Your Excellency, President Park Geun-hye
Ladies and gentlemen,
From today, and for the next three weeks, Busan will be the capital city of the ICT world.
As we all know, Korea is famous as a global leader in terms of ICT development, and is the perfect venue for ITU’s 2014 Plenipotentiary Conference.
Our Korean hosts will be truly inspiring here because of all they have achieved in less than sixty short years of nationhood.
Just one year ago, I was here in Busan celebrating the PP-14 D-365 event, and I was made an honorary citizen of this city on that occasion; and this is an honour I carry with enormous pride.
So it is both a pleasure and a privilege to be with you here today in Korea's proud 'second city', which has become one of the world's most vibrant international hubs.
On a personal note, I am looking forward to three weeks of serious work here. But I am also looking forward to many other diversions, including the 10th Busan Fireworks Festival at the end of this week – which will celebrate a new ITU Secretary-General, as well as a new leadership team.
I would like to thank:
- President Park Guen-hye for the honour she bestows upon us with her presence today. As you know, President Park was the recipient of this year’s World Telecommunication and Information Society Day Award, along with President Kagame of Rwanda, who will also be joining us later during this Conference;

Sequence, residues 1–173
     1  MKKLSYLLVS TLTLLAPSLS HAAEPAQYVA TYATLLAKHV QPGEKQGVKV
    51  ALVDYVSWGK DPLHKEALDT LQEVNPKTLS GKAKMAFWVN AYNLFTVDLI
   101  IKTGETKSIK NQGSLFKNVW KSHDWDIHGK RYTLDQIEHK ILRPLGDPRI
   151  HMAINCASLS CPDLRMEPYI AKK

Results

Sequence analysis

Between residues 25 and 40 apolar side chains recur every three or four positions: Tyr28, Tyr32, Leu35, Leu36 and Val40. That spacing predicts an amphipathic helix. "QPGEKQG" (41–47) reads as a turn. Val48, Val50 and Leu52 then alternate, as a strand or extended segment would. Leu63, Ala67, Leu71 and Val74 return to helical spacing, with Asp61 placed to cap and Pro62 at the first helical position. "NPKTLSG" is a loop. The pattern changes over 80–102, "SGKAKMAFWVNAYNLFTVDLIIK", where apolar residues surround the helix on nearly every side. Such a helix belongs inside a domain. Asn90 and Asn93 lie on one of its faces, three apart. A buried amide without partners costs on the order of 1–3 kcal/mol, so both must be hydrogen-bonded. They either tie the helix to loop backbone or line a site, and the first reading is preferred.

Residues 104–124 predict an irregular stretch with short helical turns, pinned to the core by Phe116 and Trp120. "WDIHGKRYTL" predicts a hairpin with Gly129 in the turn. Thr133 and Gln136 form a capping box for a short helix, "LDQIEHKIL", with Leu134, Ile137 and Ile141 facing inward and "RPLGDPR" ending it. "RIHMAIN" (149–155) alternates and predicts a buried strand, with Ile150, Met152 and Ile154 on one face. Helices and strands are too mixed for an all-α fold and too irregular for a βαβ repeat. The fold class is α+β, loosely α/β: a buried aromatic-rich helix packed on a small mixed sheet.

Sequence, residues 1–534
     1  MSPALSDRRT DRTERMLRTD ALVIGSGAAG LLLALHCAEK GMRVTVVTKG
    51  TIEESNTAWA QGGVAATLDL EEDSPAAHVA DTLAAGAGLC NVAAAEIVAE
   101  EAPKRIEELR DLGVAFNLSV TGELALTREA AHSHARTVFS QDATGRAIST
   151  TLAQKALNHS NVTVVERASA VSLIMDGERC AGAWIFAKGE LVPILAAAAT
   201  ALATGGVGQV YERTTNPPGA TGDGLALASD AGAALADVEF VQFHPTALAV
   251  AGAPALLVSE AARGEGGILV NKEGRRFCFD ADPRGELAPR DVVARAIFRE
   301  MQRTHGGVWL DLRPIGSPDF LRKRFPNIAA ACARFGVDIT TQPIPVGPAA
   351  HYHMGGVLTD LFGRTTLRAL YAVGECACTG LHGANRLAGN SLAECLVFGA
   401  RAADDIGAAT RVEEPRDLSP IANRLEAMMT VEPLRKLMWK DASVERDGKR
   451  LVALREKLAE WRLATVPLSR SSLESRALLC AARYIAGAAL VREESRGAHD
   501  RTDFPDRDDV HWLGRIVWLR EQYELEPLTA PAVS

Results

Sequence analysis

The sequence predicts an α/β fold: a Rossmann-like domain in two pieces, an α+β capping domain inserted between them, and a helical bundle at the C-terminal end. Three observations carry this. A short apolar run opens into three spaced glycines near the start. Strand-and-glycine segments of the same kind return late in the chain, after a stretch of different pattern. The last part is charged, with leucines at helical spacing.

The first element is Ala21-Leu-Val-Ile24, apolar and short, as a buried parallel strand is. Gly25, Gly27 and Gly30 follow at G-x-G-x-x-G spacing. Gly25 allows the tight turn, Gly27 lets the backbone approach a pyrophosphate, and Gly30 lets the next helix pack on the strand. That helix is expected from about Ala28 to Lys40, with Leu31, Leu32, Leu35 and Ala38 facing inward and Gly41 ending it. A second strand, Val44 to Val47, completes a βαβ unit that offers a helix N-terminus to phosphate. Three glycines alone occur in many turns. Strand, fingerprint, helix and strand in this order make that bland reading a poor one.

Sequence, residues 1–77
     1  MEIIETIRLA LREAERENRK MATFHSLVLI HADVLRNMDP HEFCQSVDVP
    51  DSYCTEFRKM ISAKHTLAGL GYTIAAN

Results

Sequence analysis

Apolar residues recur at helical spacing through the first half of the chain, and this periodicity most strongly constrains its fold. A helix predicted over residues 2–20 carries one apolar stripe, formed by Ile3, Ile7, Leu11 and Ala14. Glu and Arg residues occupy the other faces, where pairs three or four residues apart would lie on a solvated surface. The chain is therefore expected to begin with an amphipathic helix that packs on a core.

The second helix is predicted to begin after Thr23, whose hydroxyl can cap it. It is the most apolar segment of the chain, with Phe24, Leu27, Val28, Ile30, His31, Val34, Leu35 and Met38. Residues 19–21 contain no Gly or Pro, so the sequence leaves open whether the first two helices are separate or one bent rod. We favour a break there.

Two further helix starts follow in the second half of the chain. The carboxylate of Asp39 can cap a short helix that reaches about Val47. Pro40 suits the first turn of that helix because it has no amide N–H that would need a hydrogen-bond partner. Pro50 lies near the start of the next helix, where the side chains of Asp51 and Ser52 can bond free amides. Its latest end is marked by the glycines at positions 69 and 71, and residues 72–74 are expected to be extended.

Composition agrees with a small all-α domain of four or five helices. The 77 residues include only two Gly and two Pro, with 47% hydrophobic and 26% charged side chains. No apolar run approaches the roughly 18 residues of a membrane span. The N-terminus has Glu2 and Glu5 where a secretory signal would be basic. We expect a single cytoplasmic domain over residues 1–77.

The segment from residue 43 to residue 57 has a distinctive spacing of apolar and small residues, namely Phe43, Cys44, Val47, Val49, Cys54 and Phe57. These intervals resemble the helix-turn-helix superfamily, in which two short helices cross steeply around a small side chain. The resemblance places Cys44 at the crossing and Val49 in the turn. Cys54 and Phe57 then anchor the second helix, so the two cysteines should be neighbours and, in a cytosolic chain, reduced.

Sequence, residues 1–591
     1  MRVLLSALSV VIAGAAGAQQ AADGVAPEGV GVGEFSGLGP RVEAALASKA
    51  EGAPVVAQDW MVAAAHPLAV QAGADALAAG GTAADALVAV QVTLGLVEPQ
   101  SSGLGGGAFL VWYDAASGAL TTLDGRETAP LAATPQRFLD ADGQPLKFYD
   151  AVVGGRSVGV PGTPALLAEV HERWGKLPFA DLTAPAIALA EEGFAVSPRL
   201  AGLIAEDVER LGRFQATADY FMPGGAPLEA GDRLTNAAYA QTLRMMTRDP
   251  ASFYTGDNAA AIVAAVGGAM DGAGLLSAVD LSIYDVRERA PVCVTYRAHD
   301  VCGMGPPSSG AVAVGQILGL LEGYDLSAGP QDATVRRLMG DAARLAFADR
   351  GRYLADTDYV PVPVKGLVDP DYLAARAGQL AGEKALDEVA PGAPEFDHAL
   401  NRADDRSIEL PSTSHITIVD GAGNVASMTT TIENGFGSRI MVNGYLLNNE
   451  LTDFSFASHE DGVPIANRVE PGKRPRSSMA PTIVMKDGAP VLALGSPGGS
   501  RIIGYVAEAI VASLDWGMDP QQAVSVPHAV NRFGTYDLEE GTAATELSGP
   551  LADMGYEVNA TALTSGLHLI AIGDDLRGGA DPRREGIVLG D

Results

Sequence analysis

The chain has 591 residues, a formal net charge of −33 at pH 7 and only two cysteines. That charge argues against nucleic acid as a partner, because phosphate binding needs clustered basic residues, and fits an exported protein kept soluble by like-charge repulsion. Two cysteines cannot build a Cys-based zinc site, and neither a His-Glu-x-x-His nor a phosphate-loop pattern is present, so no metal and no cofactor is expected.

- Choi Yanghee, the Minister of Science, ICT and Future Planning, for all the work which has been done to make this event a success;
- Suh Byung-soo, the Mayor of Busan, for the wonderful hospitality that has been shown to ITU and to our membership;
- The entire ITU membership, including Member States, Sector and Associate Members, and Academia, for bringing the wealth of your combined expertise to this conference;
- And civil society, for your very constructive and welcome engagement with PP-14 – we have received your messages loud and clear.
Before I continue, I must say a few words about the Ebola crisis.
Already, close to 5,000 people have died, and WHO said last week that West Africa could face up to 10,000 new Ebola cases a week within two months, if the world's response to the crisis is not stepped up dramatically.